Eyewear monopoly robs consumers blind

For anyone who has ever been baffled by the price tag on a pair of glasses, last week’s episode of “60 Minutes” was a real “eye opener” into the inside world of Luxottica, the largest eyewear company in the world whose monopoly on the glasses industry is detrimental to competing companies and consumers alike.

In 1961, Luxottica was a small factory located in the Italian Alps. Today it has become a multimillion dollar business, with over 800 million dollars in income per year.

Luxottica controls nearly every major retail eyewear store, including Lens Crafters, Pearl Vision and Sunglass Hut International. Luxottica CEO Andrea Guerra said about 500 million people in the world wear Luxottica eyewear. By owning every major store, Luxottica can charge any exorbitantly high price on a pair of glasses.

The company also retails eyewear for top-brand labels like Chanel, Ray-Ban and Dolce and Gabbana. These design labels don’t even create the frame design for their glasses. They send a book of their season’s looks to Luxottica, who produces a frame and then places the designers’ names on it. People who believe they are paying top dollar for a frame from their favorite designers are, in actuality, buying a Luxottica design.

Many are attracted to the bigger names because they believe they are getting an authentic design. It is no accident that Luxottica is not a publically recognized name because the company knows that people would rather buy from a well-known designer than from an unknown Italian eyewear company. Luxottica is a monopoly, marketing under brand names to make it look like there are a variety of different businesses competing against each other. The only retailers that don’t sell Luxottica eyewear are Wal-Mart, Costco and BJ’s. While a pair of glasses can cost up to $600 at a Luxottica retailer, an identical pair of glasses at Wal-Mart can cost $100.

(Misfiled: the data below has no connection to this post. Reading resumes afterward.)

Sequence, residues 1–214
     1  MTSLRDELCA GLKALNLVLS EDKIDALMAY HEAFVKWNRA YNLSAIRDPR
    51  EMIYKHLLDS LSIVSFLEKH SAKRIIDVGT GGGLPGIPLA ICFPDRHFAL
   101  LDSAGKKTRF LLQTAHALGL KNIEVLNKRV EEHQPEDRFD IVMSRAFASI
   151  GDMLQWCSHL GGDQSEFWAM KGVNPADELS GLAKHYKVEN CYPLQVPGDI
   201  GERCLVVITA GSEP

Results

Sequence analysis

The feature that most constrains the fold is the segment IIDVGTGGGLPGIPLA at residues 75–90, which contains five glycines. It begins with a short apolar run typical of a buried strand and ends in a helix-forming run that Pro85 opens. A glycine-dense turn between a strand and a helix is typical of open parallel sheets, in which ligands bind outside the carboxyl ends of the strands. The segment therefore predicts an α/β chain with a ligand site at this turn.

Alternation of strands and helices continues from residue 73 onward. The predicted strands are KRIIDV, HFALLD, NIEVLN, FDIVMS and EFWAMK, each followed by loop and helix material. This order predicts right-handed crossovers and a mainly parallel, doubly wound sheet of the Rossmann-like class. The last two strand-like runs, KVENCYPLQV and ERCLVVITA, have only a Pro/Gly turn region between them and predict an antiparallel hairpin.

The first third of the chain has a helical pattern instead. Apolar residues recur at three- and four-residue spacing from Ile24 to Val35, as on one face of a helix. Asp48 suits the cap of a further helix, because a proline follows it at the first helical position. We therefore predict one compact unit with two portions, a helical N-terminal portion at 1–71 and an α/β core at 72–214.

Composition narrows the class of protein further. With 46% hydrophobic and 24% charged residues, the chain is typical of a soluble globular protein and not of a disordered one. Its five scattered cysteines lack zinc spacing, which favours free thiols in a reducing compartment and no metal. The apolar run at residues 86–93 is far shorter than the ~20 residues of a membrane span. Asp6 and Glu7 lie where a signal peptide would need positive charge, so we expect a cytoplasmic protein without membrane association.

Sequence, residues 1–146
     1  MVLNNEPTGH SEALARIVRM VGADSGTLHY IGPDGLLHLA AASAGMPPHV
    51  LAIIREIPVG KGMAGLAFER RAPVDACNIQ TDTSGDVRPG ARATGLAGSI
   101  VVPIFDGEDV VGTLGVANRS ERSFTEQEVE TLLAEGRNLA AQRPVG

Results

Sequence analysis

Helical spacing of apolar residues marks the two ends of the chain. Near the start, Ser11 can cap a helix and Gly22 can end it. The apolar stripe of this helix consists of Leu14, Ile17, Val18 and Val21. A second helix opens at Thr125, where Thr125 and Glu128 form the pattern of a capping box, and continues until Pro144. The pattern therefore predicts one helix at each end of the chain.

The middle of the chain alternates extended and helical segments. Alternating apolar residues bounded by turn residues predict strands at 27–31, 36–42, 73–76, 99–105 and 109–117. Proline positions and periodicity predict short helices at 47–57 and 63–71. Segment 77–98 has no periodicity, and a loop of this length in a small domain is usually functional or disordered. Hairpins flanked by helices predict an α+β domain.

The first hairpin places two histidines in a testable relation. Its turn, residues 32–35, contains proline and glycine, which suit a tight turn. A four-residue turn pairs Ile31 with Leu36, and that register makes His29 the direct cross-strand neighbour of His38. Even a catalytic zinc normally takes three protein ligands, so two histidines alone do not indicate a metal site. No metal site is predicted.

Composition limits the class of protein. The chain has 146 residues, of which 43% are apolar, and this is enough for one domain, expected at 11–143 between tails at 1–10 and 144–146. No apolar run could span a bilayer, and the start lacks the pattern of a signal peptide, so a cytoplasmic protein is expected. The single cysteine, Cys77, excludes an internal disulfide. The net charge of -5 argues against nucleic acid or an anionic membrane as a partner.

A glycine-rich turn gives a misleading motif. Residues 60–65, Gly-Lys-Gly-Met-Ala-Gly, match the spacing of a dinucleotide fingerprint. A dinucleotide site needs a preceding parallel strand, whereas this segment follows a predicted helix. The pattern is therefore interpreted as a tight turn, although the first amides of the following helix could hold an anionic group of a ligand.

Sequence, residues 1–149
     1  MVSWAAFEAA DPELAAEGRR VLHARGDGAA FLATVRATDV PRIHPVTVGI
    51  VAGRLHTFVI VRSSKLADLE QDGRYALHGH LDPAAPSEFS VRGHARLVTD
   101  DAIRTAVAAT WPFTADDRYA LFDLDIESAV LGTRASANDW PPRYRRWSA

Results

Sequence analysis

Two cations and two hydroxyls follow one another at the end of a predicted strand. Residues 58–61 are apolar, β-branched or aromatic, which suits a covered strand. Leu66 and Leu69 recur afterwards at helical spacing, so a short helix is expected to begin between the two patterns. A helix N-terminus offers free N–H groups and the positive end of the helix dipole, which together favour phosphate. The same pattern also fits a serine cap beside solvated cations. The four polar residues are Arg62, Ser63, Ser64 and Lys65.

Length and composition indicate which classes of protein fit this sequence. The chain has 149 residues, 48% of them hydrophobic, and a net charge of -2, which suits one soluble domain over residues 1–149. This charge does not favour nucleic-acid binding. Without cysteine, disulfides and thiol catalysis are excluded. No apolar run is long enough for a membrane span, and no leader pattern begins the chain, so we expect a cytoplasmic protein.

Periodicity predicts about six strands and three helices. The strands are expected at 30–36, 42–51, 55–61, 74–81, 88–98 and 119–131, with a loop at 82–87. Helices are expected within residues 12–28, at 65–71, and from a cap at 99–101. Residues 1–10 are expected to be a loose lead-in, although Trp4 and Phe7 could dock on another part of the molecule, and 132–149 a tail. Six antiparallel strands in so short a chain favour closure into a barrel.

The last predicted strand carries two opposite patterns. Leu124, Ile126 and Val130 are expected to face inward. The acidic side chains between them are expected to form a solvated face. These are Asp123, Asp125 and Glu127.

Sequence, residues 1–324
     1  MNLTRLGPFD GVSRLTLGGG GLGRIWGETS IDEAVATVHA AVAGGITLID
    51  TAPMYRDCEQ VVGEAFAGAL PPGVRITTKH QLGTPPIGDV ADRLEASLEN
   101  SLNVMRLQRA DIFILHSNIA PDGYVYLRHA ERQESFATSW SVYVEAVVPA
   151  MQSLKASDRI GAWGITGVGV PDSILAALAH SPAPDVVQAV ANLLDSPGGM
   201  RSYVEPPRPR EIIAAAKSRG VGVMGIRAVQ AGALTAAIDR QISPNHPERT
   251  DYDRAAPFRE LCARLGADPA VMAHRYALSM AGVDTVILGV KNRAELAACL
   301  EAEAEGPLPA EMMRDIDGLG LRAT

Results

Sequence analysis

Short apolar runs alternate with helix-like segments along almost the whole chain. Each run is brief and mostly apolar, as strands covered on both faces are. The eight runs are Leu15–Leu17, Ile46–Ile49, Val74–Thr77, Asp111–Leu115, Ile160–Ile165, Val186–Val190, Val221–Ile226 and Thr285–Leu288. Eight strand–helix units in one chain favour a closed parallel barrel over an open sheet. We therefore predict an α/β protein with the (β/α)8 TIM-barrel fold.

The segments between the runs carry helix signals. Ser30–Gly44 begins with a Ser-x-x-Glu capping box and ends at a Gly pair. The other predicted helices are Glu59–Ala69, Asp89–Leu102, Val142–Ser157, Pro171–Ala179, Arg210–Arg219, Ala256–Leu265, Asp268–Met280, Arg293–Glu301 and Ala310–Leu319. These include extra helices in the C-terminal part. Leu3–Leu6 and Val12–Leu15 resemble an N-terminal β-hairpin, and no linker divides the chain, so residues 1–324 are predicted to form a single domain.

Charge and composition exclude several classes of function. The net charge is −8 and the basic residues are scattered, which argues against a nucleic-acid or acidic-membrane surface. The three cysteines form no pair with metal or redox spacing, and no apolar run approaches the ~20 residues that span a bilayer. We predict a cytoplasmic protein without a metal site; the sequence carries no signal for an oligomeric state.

In the past 30 years, prices of glasses have almost tripled, and it is because of Luxottica’s monopoly business. There is no reason why people should have to pay a ridiculously overpriced amount for what is basically a pair of lenses and a metal or plastic rim.

About the outlandish prices, Guerra said that glasses are “100 percent functional, 100 percent aesthetical and they need to be on your face for 15 hours a day. Not easy, and there's a lot of work behind them.” A lot of work does not mean that eyewear has to sport an inflated price tag.

Like any other major monopoly, Luxottica is smart in knowing that people will pay a lot for eyewear because they need them for everyday use. It is obvious that Luxottica is hardly concerned with the well-being of its customers and are plainly taking advantage of those who need glasses to function.

Although the glasses by higher brand names are more aesthetically pleasing, it is much more beneficial to buy from stores like Wal-Mart or Costco where the prices are significantly cheaper.

In